Florida dodges volatile hurricane season, could make Citizens Property Insurance more financially sound for 2012 season

Hurricane season has come to an end and Florida and its insurers are still standing. Florida has managed to evade major hurricanes for the past six consecutive years. For a state that is growing increasingly dependent upon insurance coverage, this is no small feat. Florida’s Citizens Property Insurance has also emerged from the season virtually unscathed by major storms, though the state-run insurer is still wracked with persistent financial and fraud issues. The 2011 Atlantic hurricane season produced 19 named storms, of which only 7 became full-fledged hurricanes, according to…

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Florida catastrophe fund faces major financial deficit

Florida’s hurricane fund is facing a major financial shortfall, according to Jack Nicholson, chief operating officer of the fund. The fund, which was established in the wake of 1992’s Hurricane Andrew, provides money to insurance companies in order to help those displaced by natural disasters. Nicholson issued a warning to state legislators this week that noted that the fund faces a $3.2 billion deficit and will not be able to offer aid in the event of a major storm for the immediate future. This year, the fund has provided insurers…

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Floridians call for insurance reform to mitigate growing concerns of natural disasters

South Floridians were benefited with leniency earlier in the month when Tropical Storm Emily was weakened by its bout in the Caribbean. Only four months remain in hurricane season – one that was forecasted as being highly active – and no significant storms have yet reached the state. Despite the seemingly benign activity in the Atlantic and Gulf of Mexico, insurers are warning residents of Florida to not be caught off guard, as a powerful storm can make landfall at any time. Spurred by this advice, and the recent disasters…

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Floridians call for insurance reform to mitigate growing concerns of natural disasters

South Floridians were benefited with leniency earlier in the month when Tropical Storm Emily was weakened by its bout in the Caribbean. Only four months remain in hurricane season – one that was forecasted as being highly active – and no significant storms have yet reached the state. Despite the seemingly benign activity in the Atlantic and Gulf of Mexico, insurers are warning residents of Florida to not be caught off guard, as a powerful storm can make landfall at any time. Spurred by this advice, and the recent disasters…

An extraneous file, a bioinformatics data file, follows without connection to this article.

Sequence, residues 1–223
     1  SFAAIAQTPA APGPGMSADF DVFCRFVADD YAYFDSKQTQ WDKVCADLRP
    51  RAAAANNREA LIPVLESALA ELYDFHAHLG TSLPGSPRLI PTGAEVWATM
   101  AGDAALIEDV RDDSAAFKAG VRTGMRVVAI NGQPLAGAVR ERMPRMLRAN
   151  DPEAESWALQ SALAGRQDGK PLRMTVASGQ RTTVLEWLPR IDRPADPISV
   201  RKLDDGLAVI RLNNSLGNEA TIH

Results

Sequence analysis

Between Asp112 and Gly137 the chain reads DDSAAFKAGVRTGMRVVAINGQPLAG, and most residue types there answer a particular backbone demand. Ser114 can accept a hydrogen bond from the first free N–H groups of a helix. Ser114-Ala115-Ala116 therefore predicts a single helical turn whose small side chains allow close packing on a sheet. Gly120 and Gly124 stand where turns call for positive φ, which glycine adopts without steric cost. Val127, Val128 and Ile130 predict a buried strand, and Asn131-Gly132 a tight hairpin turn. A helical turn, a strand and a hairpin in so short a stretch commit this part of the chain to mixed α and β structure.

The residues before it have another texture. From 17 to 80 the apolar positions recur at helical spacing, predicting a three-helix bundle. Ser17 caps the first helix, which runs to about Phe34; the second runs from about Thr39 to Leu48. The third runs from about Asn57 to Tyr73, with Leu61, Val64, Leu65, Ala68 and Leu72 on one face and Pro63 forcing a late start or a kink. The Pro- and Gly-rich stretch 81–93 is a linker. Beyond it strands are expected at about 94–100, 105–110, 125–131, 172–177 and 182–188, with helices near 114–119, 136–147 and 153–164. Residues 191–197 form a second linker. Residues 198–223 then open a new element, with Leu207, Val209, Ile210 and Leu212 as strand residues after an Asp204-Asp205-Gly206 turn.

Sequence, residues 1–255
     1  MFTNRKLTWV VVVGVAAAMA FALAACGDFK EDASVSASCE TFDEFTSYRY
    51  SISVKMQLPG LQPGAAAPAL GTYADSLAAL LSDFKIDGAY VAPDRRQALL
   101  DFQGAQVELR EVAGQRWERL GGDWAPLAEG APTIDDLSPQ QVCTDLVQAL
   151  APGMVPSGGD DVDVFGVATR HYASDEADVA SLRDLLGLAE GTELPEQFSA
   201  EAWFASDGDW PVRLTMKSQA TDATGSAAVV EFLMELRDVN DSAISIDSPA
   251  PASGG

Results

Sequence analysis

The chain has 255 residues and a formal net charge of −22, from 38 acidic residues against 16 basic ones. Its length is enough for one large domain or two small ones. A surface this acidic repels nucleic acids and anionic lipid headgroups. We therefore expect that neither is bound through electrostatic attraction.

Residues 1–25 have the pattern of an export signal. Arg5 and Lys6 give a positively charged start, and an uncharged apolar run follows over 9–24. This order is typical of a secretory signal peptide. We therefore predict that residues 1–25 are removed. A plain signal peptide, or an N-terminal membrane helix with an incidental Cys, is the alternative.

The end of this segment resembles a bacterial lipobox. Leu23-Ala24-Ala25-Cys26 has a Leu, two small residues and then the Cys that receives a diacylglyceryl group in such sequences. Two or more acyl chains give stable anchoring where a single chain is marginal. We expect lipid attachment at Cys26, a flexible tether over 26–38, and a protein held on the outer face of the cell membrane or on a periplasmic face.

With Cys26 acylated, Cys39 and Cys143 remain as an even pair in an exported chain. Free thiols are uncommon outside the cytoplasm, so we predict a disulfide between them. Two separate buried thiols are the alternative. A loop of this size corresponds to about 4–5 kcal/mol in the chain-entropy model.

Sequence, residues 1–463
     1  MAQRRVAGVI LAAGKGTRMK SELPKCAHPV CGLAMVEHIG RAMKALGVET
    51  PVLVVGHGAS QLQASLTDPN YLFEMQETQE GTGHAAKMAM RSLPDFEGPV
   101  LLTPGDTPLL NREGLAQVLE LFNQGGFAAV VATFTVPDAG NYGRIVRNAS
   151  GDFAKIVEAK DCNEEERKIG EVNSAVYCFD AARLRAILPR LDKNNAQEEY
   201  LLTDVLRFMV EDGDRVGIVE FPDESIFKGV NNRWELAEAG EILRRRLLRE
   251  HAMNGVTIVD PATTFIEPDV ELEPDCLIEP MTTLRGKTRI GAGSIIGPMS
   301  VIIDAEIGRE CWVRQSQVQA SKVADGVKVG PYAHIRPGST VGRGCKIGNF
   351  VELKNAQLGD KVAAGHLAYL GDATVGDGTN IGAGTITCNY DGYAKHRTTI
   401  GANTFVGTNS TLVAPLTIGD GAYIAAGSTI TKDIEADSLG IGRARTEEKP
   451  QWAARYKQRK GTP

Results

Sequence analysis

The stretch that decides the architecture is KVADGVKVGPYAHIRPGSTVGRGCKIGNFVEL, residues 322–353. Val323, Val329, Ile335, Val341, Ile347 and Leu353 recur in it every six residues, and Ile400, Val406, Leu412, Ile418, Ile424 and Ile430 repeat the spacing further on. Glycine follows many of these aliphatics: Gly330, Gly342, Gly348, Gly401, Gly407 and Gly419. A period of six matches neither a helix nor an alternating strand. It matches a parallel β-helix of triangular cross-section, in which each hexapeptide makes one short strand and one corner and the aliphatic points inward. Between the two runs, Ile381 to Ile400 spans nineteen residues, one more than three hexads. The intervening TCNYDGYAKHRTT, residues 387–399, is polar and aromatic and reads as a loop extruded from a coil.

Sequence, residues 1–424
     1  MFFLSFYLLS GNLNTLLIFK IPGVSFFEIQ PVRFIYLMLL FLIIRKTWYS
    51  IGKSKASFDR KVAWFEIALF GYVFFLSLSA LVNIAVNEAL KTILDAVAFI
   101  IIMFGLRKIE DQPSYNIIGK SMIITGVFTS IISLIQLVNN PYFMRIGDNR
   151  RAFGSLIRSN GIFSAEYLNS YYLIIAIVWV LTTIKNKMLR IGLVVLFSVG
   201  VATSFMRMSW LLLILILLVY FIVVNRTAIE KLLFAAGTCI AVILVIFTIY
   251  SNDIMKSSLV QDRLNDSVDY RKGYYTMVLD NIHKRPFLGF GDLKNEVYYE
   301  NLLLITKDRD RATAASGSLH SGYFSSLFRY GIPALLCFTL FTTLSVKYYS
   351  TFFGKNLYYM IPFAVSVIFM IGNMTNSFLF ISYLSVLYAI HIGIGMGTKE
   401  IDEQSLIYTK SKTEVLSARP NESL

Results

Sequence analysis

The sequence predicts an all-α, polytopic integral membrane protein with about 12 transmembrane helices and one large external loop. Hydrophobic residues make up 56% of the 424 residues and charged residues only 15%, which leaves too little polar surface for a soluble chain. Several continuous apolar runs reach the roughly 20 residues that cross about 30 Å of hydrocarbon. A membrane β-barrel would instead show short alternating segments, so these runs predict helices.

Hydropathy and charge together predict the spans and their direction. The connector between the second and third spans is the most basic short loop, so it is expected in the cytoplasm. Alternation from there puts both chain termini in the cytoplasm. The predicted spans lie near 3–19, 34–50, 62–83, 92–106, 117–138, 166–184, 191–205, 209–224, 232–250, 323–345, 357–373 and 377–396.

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Florida fire insurance warning issued

When most people think of wildfires, there are many places that might come to mind but Florida usually isn’t one of them. Since the first of the year, Florida has had over 2,660 wildfires. Florida’s drought conditions coupled with low humidity and high winds have made ideal conditions for wildfires. The director with the Division of Forestry in Florida has issued several warnings and urged residents to follow county burn bans. Visitors to the states parks are also encouraged to check any burn bans that may be in affect before…

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Florida insurer asking for 27% rate hike

As insurers all over the country continue to receive criticism from policyholders, and even then federal government, many of them continue to seek rate increases. Fidelity National Property and Casualty Insurance of Jacksonville, Florida, is proposing a rate hike of 27%. The proposal is a move to recoup the monetary losses of last year, according to vice president John Giorgianni. State regulators are currently reviewing the proposal and it may be subject to additional review by the Department of Health and Human Services. Giorgianni insists that the rate hikes is…

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New limitations on Florida sinkhole insurance imposed

Florida Governor Rick Scott has signed off on a bill that will change the state’s property insurance regulations. The bill was proposed several months ago and has been the subject of controversy since its introduction. Opponents of the bill call its provisions “anti-consumer.” State officials, however, say that the bill is a necessary measure to combat fraud. The Governor approved the law only six days after it arrived on his desk, drawing the ire of a number of consumer advocacy groups who stood in opposition of it. The new law…

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